Oct 152011

A blowy day on the western shores of Lancashire, with a bruised sky of slate purple and grey over the Irish Sea and the wind driving miniature sandstorms northward up the great 20-mile beach that edges the Sefton Coast.
First published in: The Times Click here to view a map for this walk in a new window
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I was glad to be walking with the wind and sand at my back, as well as the spatters of rain that chased in from time to time.

Old friends were there to greet me down on Crosby beach – one hundred of them, naked as jaybirds, straight-faced and straight-backed, standing at attention and staring out to sea. Crosby loves its Iron Men – no-one here calls Antony Gormley’s wonderful beach installation by its official name, ‘Another Place’. Rusting and corroding at the whim of salt water and scouring sand, adorned according to locals’ fancy – a painted bikini here, a swimming hat there – each of these identical iron casts of the artist’s body now possesses its own subtly-developing individuality.

The Sefton Coast lies between the estuaries of Mersey and Ribble, a flat shore where the sea can recede a mile or more on a low tide. This enormous beach is separated from the built-up hinterland of footballers’ palaces and golf-course resorts by an unbroken line of sandhills, a fabulous place to walk sandy paths among vividly coloured plants – crinkly yellow evening primrose and yellow-horned poppy, powder-blue sea-holly with prickly leaves, pale blue stars of sea aster, thickets of wild roses and the beautiful pink bonnets of everlasting pea.

It’s a busy seascape off the coast – skeletal sea-marks, whirling wind turbines on Burbo Bank, big container ships and ferries threading Crosby Channel’s sandbanks. Off Formby Point crowds of sanderlings with snowy bellies and long black bills gathered as the sandbanks rose clear of the ebbing sea, and out over the water a swirling cloud of dunlin formed a solid black mass that swerved across the sky.

I threaded the paths of Raven Meols Hills nature reserve, adrift in a green sea of sandhills, and strode north along mile after mile of firm beach sand towards the distant blur of Southport. A last stretch among the brilliant orange berries of sea buckthorn in Ainsdale Dunes, and I made for the train at Ainsdale Station, windblown and tousled, tired and exhilarated by all that space, salt air and solitude.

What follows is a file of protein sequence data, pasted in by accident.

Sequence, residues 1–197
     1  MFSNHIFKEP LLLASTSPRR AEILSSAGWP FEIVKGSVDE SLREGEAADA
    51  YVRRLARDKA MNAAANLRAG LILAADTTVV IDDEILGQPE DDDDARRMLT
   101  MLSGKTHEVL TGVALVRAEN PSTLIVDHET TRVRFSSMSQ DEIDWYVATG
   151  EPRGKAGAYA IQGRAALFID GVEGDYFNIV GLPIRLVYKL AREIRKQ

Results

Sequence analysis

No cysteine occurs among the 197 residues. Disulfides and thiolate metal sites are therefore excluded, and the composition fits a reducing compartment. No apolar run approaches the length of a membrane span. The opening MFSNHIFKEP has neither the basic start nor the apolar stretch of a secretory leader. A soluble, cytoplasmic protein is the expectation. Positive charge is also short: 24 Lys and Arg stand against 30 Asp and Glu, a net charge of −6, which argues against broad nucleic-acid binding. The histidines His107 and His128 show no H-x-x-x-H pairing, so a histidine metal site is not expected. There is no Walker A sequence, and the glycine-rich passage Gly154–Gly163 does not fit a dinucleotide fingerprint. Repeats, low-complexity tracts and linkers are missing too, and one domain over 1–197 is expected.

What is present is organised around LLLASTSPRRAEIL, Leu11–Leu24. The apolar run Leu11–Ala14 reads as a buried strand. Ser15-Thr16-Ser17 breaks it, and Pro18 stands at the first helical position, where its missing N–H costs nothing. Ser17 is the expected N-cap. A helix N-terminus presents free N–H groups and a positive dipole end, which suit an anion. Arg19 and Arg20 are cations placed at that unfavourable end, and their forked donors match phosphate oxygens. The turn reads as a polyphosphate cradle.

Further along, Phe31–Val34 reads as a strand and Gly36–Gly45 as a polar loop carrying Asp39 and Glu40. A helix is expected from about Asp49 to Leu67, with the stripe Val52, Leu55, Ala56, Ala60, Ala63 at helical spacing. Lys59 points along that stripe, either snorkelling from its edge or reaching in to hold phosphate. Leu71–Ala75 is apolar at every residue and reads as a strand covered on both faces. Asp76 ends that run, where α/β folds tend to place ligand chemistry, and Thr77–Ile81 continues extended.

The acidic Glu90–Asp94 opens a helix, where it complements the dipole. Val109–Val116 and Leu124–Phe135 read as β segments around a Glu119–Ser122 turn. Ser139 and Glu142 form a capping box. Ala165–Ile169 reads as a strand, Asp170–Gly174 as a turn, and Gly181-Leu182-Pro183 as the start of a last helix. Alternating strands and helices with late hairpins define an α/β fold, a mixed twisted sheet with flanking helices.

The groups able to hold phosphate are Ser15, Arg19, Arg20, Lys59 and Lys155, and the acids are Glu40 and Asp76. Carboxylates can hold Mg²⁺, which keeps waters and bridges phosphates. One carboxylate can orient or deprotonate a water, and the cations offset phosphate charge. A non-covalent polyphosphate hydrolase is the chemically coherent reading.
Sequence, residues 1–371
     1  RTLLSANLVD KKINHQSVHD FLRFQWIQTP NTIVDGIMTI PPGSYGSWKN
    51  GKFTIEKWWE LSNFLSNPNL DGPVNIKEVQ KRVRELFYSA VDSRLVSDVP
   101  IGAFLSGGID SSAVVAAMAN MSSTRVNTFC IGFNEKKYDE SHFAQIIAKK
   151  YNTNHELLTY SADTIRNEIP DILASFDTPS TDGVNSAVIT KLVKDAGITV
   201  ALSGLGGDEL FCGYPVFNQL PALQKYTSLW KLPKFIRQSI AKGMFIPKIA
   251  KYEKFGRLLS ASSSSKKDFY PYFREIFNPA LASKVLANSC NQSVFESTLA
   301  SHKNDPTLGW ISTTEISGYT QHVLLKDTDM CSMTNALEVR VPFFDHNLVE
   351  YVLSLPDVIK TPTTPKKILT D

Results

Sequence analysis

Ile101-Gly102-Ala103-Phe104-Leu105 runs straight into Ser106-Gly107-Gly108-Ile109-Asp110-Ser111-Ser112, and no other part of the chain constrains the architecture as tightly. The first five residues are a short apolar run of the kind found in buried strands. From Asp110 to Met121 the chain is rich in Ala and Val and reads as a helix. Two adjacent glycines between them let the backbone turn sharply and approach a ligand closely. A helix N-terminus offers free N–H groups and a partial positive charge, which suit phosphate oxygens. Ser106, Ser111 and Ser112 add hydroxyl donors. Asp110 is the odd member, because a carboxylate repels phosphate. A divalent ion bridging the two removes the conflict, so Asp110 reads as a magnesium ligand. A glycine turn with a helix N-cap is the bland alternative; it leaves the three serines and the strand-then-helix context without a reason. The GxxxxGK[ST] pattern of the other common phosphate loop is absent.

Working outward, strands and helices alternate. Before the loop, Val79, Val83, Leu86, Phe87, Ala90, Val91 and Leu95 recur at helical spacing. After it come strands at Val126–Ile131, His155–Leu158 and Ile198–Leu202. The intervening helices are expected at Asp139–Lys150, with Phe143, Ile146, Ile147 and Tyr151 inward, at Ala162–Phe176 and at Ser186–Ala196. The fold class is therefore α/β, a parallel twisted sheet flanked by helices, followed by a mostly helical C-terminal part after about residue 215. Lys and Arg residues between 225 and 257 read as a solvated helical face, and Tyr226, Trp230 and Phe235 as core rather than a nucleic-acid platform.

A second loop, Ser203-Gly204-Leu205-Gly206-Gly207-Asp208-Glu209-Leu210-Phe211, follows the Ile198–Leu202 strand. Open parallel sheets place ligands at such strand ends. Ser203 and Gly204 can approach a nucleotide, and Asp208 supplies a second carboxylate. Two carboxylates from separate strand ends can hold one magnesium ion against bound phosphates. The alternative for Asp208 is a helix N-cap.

Start: Waterloo station, Crosby, Lancs, L22 0NA (OS ref. SD 320980)

Finish: Ainsdale station, PR8 3JP

Getting there:
Trains from Liverpool or Southport (www.merseyrail.org)
Road: M6 Jct 26, M58, A565

WALK (14 miles, easy, OS Explorers 285, 275):
From Crosby station, left along South Road. Right beside Marina, through dunes; right (311979) along beach or promenade. In 1¾ miles at coastguard station (299005), ahead along Sefton Coastal Footpath. In 1 mile, at ‘Pebble’ Sculpture (296021) cycle track bends inland, but keep ahead along shore. At Hightown (297039) path veers inland to run beside railway line. In 1 mile path crosses River Alt (294056) and turns left; in 200 m, left at path crossroads (293058, ‘Cabin Hill, Ravenmeols’). At Cabin Hill Nature Reserve sign (287052, yellow arrow) bear right. At path crossing by wind generators, left (284055; white arrow) through dunes to shore; right for 5 miles. At railings with Ainsdale Beach noticeboard, head for yellow marker (‘Dunes Trail’). Follow white-topped posts inland (east) for 500 m; then turn left (north), following posts to Ainsdale Discovery Centre (297126). Ahead along road; right bend; over roundabout (301127); ahead (‘Shore Road’) to station.

NB: Walk can be shortened (Hightown Station 4½ miles, Formby station 8 miles)
Online map, more walks: www.christophersomerville.co.uk.

Lunch: Picnic

Ainsdale Discovery Centre: 01704-570173;

Southport TIC (01704-533333; www.visitsouthport.com); www.seftoncoast.org.uk
www.ramblers.org.uk www.satmap.com

 Posted by at 01:14

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